India’s tech hub of Bengaluru saw the highest rise in office rentals in Asia-Pacific in the second quarter of 2018, according to global property consultant Knight Frank. Office rentals in the Karnataka capital rose 7 percent in the Central Business District area in the quarter ending June 2018 as opposed to the first quarter.
The rise is mostly because of tight supply and increased demand from corporates and co-working firms, according to Knight Frank. Companies prefer to have offices in CBD due to its proximity to business and tech hubs, well-connected transport, location, and easy access to other parts of the city.
“Steady demand seen in the prime office market is expected to bolster rental growth for the second half of the year. Despite several headwinds, including tensions around trade, regional economic growth continues to fuel demand for Grade-A office space,” Nicholas Holt, Asia Pacific Head of Research at Knight Frank, said.
With 5.5 percent rise, Tokyo came second, followed by the Australian cities of Melbourne and Sydney.
Although comparatively cheaper than other Indian and Asian cities, Bengaluru, at $18.4 or Rs 1,367 per square meter, saw the steepest rise in office rentals, as corporates preferred to rent office in the city’s CBD, putting pressure on supply and forcing office owners to hike rentals.
Among other Indian cities that the firm studied, only Bandra-Kurla Complex in Mumbai saw a marginal increase while Connaught Place in New Delhi did not see any change from the first quarter.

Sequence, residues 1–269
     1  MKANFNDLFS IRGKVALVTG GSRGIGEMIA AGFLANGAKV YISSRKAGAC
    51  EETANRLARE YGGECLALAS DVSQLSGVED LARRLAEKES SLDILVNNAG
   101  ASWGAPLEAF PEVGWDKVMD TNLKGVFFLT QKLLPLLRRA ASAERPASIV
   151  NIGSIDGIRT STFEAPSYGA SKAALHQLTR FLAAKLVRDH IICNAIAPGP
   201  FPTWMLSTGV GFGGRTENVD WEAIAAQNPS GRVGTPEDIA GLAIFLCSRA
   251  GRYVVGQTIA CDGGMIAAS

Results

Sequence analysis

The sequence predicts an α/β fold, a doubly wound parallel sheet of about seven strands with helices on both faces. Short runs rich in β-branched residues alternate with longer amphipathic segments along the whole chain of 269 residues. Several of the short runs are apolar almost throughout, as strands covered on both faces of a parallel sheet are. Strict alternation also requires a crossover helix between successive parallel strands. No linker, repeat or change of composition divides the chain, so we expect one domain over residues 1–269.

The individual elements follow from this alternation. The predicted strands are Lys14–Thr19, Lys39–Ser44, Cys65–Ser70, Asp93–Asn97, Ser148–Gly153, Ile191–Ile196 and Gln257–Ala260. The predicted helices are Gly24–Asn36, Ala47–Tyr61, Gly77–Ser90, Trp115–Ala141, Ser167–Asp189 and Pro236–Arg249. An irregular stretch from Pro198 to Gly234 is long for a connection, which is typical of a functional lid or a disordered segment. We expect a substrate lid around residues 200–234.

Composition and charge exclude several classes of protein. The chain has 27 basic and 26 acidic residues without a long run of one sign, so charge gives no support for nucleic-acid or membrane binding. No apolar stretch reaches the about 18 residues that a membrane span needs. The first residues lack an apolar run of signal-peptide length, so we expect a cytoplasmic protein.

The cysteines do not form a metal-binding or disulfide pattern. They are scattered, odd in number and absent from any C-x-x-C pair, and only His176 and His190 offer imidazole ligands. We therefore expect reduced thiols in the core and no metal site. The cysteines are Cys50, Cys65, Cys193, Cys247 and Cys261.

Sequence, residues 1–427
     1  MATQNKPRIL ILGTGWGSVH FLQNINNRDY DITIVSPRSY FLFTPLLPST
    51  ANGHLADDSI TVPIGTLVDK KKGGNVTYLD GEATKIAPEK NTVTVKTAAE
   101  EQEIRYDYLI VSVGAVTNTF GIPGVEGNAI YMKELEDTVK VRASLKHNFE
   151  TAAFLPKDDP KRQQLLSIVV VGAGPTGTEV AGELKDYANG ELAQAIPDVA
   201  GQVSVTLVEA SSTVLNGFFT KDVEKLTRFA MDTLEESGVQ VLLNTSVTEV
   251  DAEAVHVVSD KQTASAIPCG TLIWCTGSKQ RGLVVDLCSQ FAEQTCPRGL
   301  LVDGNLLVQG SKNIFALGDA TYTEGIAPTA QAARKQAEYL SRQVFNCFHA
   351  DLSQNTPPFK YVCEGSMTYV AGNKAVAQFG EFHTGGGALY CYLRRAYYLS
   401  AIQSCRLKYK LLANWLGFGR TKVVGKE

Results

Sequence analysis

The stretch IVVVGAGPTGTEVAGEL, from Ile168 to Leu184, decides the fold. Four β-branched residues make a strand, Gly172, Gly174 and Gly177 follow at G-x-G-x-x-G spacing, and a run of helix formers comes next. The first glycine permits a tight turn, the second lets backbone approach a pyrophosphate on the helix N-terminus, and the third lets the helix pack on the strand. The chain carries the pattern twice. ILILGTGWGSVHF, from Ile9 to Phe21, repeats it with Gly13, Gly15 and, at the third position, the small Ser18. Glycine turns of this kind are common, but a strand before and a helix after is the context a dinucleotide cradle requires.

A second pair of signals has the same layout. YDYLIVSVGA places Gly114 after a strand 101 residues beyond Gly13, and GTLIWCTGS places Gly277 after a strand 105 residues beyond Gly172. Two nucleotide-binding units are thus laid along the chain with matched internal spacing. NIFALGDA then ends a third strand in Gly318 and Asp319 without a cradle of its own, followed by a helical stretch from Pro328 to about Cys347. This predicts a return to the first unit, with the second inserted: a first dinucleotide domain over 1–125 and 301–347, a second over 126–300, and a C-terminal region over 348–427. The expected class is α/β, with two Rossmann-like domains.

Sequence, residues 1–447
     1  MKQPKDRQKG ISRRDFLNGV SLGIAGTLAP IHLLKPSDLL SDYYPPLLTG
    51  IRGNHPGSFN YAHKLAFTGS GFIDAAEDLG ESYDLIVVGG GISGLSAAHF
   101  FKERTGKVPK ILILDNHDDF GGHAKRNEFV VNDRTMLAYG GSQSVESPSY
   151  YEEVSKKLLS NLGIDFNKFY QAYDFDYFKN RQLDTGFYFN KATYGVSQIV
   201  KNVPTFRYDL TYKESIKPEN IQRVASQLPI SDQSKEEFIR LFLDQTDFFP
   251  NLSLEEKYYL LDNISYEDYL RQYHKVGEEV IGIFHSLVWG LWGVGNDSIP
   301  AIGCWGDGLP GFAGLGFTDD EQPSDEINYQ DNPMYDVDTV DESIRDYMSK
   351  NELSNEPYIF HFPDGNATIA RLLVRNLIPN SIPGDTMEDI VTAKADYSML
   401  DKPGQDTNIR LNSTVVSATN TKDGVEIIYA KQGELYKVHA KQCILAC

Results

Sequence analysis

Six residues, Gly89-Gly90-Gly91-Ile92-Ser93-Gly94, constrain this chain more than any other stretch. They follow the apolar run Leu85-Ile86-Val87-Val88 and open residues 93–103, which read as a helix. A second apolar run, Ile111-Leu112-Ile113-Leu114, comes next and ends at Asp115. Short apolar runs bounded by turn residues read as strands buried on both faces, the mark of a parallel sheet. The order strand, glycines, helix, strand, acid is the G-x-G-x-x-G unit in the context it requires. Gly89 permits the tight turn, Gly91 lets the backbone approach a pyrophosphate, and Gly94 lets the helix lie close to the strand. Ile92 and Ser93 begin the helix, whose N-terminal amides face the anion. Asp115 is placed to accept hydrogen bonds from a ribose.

The Q2 grew at almost three times that of Q1 and the main driver was a strong performance from Bengaluru, Tokyo, Hong Kong, and Sydney – the markets facing supply constraints. Rents will remain steady or see a marginal increase for the remainder of the year, the company said in its report.
Among other Asian cities, Tokyo’s Central 5 Wards Grade-A rents grew 5.5 percent as the supply-starved market saw vacancy levels fall a 10-year low to 1.1%. In Hong Kong’s Central district, rents went up by 1.7 percent as the major financial district is nearing full occupancy. In Sydney, rents increased 4.2 percent as the supply-demand imbalance from last year’s strong white-collar growth and stock removal continues to be felt, according to the report.
During the first half of 2018, close to 3.7 million sq. ft. of office space in Bengaluru was taken on rent, the highest in India, signaling that real estate activity is at its peak in the city and businesses are expanding, according to Deccan Herald.